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Ideas of Francis Bacon, by Text

[English, 1561 - 1626, Born in London. Chancellor of England, but found guilty of corruption. Died in London after experimenting with refrigeration.]

1605 The Advancement of Learning
II.VII.1 p.106 Science moves up and down between inventions of causes, and experiments
     Full Idea: All true and fruitful natural philosophy hath a double scale or ladder, ascendent and descendent, ascending from experiments to the invention of causes, and descending from causes to the invention of new experiments.
     From: Francis Bacon (The Advancement of Learning [1605], II.VII.1)
     A reaction: After several hundred years, I doubt whether anyone can come up with a better account of scientific method than Bacon's.
II.VII.3 p.108 Physics studies transitory matter; metaphysics what is abstracted and necessary
     Full Idea: Physic should contemplate that which is inherent in matter, and therefore transitory; and metaphysic that which is abstracted and fixed
     From: Francis Bacon (The Advancement of Learning [1605], II.VII.3)
     A reaction: He cites the ancients for this view, with which he agrees. One could do worse than hang onto metaphysics as the study of necessities, but must then face the attacks of the Quineans - that knowledge of necessities is beyond us.
II.VII.3 p.108 Essences are part of first philosophy, but as part of nature, not part of logic
     Full Idea: I assign to summary philosophy the operation of essences (as quantity, similitude, diversity, possibility), with this distinction - that they be handled as they have efficacy in nature, and not logically.
     From: Francis Bacon (The Advancement of Learning [1605], II.VII.3)
     A reaction: I take this to be a splendid motto for scientific essentialism, in a climate where modal logicians appear to have taken over the driving seat in our understanding of essences.
II.VII.3 p.109 Physics is of material and efficient causes, metaphysics of formal and final causes
     Full Idea: Physic inquireth and handleth the material and efficient causes; and metaphysic handleth the formal and final causes.
     From: Francis Bacon (The Advancement of Learning [1605], II.VII.3)
     A reaction: Compare Idea 12119. This divides up Aristotle's famous Four Causes (or Explanations), outlined in 'Physics' II.3. The concept of 'matter', and the nature of 'cause' seem to me to fall with the purview of metaphysics. Interesting, though.
II.VII.5 p.110 We don't assume there is no land, because we can only see sea
     Full Idea: They are ill discoverers that think there is no land, when they can see nothing but sea.
     From: Francis Bacon (The Advancement of Learning [1605], II.VII.5)
     A reaction: Just the sort of pithy remark for which Bacon is famous. It is an obvious point, but a nice corrective to anyone who wants to apply empirical principles in a rather gormless way.
II.VII.6 p.112 Natural history supports physical knowledge, which supports metaphysical knowledge
     Full Idea: Knowledges are as pyramides, whereof history is the basis. So of natural philosophy, the basis is natural history, the stage next the basis is physic; the stage next the vertical point is metaphysic.
     From: Francis Bacon (The Advancement of Learning [1605], II.VII.6)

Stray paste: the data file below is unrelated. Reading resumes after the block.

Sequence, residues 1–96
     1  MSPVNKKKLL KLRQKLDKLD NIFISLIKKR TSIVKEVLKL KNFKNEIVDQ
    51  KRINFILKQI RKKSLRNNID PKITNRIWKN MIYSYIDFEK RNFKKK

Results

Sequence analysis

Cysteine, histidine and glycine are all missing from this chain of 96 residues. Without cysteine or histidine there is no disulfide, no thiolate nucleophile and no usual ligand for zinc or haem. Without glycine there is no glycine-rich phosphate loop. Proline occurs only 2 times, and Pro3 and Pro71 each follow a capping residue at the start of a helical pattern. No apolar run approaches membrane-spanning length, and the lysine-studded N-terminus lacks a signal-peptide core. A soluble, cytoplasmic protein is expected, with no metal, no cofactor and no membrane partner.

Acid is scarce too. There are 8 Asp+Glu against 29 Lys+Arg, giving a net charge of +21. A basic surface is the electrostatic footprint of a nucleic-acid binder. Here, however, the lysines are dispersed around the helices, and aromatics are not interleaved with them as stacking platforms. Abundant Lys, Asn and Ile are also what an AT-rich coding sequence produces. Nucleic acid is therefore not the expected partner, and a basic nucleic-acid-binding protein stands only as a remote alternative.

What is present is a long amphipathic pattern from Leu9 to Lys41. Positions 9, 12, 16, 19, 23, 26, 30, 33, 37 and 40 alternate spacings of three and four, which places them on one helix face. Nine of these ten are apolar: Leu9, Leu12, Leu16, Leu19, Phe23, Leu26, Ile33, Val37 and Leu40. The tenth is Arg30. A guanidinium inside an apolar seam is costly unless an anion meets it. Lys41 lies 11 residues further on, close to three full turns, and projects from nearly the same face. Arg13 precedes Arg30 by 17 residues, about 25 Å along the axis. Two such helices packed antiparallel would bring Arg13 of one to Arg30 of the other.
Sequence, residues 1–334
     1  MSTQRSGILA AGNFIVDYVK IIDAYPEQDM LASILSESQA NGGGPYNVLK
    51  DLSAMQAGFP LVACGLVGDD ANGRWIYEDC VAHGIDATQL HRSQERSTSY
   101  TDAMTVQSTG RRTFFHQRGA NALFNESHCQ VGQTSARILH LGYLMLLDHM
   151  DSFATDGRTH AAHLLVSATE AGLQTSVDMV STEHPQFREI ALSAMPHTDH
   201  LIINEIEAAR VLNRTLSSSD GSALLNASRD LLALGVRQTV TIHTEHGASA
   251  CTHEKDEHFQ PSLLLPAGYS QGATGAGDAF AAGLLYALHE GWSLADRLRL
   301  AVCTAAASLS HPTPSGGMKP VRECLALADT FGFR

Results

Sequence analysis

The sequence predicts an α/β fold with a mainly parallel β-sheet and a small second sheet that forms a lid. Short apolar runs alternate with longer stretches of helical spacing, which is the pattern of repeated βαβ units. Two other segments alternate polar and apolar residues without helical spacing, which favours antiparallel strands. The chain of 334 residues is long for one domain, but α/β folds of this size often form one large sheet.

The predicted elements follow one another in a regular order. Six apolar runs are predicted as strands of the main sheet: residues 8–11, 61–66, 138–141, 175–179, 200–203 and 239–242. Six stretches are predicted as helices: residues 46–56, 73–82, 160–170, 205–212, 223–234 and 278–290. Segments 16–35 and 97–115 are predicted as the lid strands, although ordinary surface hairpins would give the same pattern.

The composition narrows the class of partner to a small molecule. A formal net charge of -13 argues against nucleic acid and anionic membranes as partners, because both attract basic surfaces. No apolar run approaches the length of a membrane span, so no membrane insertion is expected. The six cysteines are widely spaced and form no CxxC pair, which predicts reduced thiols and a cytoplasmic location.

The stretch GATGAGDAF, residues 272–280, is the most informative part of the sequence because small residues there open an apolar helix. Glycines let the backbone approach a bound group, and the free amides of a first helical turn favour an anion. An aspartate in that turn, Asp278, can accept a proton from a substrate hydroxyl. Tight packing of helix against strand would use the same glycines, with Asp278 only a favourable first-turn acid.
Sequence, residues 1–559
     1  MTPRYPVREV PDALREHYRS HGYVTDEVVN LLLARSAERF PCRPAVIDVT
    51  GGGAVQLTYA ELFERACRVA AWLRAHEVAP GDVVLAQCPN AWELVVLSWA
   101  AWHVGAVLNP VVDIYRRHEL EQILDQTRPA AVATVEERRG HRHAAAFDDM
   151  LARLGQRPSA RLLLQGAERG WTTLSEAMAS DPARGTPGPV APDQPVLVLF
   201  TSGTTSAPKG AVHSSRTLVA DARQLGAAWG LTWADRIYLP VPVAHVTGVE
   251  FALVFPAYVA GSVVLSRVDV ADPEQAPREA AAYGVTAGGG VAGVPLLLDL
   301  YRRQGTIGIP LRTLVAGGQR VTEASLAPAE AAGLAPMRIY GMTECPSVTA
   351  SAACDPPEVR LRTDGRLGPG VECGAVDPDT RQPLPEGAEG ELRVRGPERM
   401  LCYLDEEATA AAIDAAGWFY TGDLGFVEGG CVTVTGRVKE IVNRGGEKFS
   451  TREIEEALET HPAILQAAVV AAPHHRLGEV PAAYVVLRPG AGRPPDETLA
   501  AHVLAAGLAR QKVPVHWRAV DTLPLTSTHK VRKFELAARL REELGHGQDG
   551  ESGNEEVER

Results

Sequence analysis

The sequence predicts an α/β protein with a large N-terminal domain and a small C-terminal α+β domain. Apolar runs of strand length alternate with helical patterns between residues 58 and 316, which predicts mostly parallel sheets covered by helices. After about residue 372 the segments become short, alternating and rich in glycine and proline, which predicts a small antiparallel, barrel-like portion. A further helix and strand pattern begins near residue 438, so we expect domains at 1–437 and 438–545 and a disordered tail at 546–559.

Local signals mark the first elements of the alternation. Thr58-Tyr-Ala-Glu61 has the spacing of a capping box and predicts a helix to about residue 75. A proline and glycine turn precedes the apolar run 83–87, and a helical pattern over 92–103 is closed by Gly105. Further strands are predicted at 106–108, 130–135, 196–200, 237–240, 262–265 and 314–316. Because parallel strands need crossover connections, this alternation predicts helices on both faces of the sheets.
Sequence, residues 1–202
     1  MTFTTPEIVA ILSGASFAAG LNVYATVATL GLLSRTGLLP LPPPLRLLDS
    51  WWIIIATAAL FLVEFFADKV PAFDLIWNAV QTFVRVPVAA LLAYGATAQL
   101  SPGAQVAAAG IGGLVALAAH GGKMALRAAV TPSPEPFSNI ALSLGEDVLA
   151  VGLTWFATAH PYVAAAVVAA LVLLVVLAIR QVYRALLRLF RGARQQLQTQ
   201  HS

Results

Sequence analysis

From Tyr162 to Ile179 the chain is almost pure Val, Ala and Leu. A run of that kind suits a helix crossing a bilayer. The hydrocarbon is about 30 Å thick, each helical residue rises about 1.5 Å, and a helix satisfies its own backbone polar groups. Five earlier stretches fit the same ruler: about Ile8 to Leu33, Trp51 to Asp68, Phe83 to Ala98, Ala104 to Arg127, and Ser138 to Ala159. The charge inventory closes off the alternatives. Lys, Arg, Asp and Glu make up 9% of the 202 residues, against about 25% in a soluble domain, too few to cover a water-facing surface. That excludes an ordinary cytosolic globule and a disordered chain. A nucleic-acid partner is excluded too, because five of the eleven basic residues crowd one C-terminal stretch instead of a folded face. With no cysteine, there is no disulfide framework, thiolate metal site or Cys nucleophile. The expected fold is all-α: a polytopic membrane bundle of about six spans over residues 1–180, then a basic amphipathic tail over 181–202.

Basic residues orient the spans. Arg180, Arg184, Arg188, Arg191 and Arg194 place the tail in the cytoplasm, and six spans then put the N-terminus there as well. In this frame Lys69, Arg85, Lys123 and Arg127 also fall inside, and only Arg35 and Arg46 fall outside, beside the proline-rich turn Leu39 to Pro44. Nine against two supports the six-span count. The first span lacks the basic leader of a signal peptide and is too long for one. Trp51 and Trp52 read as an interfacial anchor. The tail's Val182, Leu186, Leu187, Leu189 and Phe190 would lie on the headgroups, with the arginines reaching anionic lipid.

A reaction: The father of modern science keeps a place for metaphysics, as the most abstract level above the physical sciences. I would say he is right. It leads to my own slogan: science is the servant of philosophy.
II.VII.6 p.112 Metaphysics is the best knowledge, because it is the simplest
     Full Idea: That knowledge is worthiest which is charged with least multiplicity, which appeareth to be metaphysic
     From: Francis Bacon (The Advancement of Learning [1605], II.VII.6)
     A reaction: A surprising view, coming from the father of modern science, but essentially correct. Obviously metaphysics aspires to avoid multiplicity, but it is riddled not only with complexity in its researches, but massive uncertainties.
II.VII.7 p.113 Teleological accounts are fine in metaphysics, but they stop us from searching for the causes
     Full Idea: To say 'leaves are for protecting of fruit', or that 'clouds are for watering the earth', is well inquired and collected in metaphysic, but in physic they are impertinent. They are hindrances, and the search of the physical causes hath been neglected.
     From: Francis Bacon (The Advancement of Learning [1605], II.VII.7)
     A reaction: This is the standard rebellion against Aristotle which gave rise to the birth of modern science. The story has been complicated by natural selection, which bestows a sort of purpose on living things. Nowadays we pursue both paths.
II.VIII.1 p.115 People love (unfortunately) extreme generality, rather than particular knowledge
     Full Idea: It is the nature of the mind of man (to the extreme prejudice of knowledge) to delight in the spacious liberty of generalities, as in a champaign region, and not in the inclosures of particularity.
     From: Francis Bacon (The Advancement of Learning [1605], II.VIII.1)
     A reaction: I have to plead guilty to this myself. He may have pinpointed the key motivation behind philosophy. We all want to know things, as Aristotle said, but some of us want the broad brush, and others want the fine detail.
II.VIII.5 p.121 Many different theories will fit the observed facts
     Full Idea: The ordinary face and view of experience is many times satisfied by several theories and philosophies.
     From: Francis Bacon (The Advancement of Learning [1605], II.VIII.5)
     A reaction: He gives as his example that the Copernican system and the Ptolemaic system both seem to satisfy all the facts. He wrote in 1605, just before Galileo's telescope. His point is regularly made in modern discussions. In this case, he was wrong!